In October, President Donald Trump sent a strong message to his cabinet: “Get rid of the fat, get rid of the waste. I’m sure everybody at this table can do that.” His request was straightforward. In light of rising budget deficits, the President proposed that federal agencies cut spending by an average of 5 percent in fiscal year (FY) 2020.
The President is right to be concerned about widening deficits. In 2018, deficit spending has already risen to $779 billion, and the Office of Management and Budget has already warned that this year’s deficit is likely to exceed $1 trillion. There are numerous gimmicks, such as Changes in Mandatory Programs (CHIMPs), that Congress uses to increase spending. To make this proposal a meaningful cut, the Administration must first eliminate those gimmicks.
Cutting discretionary spending by 5 percent will not cure all of the nation’s budget woes, but it is a good first step. Committing to this proposal could also help to derail another bad budget deal that would raise spending in 2020, representing a major victory for taxpayers.
Here are three ways the federal government could save a nickel of every dollar it spends:
1. Stick to the Fiscal Year 2020 Budget Control Act Cap
The Budget Control Act of 2011 implemented caps on defense and non-defense discretionary spending through FY 2021. The caps were designed to cut discretionary spending by nearly $1.6 trillion over 10 years.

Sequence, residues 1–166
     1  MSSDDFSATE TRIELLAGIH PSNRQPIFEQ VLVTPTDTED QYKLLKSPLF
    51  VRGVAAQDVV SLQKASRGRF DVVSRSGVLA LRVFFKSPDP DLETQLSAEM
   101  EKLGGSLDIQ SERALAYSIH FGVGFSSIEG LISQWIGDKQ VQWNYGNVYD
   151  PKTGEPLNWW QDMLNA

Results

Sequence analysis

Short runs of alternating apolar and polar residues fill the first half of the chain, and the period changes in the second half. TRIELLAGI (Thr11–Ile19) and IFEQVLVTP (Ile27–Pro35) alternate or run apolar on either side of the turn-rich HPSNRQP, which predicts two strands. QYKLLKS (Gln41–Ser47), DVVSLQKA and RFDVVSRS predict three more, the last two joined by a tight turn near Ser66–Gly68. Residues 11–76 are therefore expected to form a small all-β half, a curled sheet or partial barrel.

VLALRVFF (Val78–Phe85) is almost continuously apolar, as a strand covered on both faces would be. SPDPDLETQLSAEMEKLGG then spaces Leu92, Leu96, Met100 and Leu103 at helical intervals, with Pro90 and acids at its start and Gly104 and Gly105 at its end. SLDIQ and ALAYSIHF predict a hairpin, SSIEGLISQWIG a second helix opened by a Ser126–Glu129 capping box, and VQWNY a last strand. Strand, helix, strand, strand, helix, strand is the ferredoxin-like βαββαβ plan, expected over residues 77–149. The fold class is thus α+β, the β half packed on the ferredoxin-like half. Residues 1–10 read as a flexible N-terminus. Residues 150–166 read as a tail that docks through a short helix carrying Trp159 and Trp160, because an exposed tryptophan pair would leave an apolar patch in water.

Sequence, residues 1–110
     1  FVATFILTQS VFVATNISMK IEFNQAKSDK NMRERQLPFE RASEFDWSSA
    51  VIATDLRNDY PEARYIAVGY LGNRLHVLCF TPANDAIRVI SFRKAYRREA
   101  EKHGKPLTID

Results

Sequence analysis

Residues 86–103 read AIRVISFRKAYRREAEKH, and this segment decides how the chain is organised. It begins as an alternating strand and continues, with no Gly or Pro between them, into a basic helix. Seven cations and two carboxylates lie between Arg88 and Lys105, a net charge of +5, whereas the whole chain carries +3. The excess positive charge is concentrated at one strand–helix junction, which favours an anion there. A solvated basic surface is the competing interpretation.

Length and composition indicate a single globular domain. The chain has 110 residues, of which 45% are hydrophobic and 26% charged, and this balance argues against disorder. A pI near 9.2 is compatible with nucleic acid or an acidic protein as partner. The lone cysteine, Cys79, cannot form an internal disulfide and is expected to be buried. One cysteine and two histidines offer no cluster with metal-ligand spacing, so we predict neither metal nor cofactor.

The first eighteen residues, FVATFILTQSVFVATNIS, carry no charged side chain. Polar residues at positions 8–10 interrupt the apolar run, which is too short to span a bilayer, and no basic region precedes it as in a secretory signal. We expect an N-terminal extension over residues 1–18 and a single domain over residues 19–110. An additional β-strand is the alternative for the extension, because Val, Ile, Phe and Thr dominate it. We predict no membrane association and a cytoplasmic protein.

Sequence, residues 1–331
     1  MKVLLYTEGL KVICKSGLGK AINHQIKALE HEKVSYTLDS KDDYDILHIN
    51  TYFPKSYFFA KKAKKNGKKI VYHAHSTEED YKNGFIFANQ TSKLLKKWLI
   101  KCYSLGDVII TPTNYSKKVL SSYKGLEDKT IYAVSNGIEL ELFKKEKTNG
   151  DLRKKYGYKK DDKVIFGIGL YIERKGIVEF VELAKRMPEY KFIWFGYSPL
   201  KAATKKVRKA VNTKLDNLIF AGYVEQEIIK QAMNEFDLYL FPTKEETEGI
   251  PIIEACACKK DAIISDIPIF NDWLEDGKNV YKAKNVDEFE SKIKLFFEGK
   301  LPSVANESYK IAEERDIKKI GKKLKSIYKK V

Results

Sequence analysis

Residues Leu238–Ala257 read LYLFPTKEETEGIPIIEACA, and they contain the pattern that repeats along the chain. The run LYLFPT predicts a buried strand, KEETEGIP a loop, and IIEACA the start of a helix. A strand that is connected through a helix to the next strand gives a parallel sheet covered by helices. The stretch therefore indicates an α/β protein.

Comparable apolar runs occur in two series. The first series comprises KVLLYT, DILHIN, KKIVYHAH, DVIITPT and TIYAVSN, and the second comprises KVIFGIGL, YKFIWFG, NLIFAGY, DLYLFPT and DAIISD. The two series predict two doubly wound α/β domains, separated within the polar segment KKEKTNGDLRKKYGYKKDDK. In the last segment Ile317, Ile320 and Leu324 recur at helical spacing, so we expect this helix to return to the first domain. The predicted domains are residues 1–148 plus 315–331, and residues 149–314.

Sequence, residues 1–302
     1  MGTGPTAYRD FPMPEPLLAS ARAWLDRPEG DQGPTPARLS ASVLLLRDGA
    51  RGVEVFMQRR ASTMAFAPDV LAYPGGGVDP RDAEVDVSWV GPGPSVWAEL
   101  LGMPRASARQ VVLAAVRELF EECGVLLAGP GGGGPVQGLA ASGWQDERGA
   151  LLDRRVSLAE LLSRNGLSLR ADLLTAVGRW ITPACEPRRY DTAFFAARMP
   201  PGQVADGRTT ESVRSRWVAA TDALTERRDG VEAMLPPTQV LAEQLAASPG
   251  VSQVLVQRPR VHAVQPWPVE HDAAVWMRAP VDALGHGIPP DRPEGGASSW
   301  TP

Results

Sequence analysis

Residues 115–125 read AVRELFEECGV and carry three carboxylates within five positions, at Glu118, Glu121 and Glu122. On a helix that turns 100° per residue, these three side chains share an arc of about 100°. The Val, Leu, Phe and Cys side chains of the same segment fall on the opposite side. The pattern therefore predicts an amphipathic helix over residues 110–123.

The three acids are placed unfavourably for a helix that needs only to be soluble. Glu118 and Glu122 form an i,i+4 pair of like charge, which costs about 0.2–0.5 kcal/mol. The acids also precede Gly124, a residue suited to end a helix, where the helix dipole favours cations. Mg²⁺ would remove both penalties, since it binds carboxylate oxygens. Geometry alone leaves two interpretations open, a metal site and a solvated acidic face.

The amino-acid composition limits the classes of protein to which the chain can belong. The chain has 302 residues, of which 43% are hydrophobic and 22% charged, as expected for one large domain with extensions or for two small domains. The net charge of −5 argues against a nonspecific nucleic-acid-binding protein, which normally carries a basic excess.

While the caps did initially slow the growth of discretionary spending, they have been repeatedly undermined by Congress. From FY 2014 to FY 2017, Congress passed two budget deals that raised the spending caps by a combined $143 billion. For FY 2018 to FY 2019, Congress passed another budget deal that increased the caps by $296 billion, more than twice the previous two deals combined.
The Bipartisan Budget Act of 2018 increased the FY 2019 Budget Control Act cap to $1.244 trillion. Achieving 5 percent savings would require Congress and the Administration to cut base discretionary spending by approximately $62 billion.
This would be a better outcome than a possible alternative—another bad budget deal that would increase the FY 2020 spending cap.
Congress and the President can do better, though, and it would require only minor legislative changes. Achieving more than President Trump’s 5 percent savings would be possible if Congress simply abided by the Budget Control Act in FY 2020 and left the law’s total spending cap unchanged.
If Congress does not amend the cap, base discretionary spending will be limited to $1.119 trillion in FY 2020, doubling the President’s proposed savings to $125 billion. This could be done by amending the Budget Control Act so that there are no longer separate defense and non-defense caps, with a single cap on all discretionary spending instead.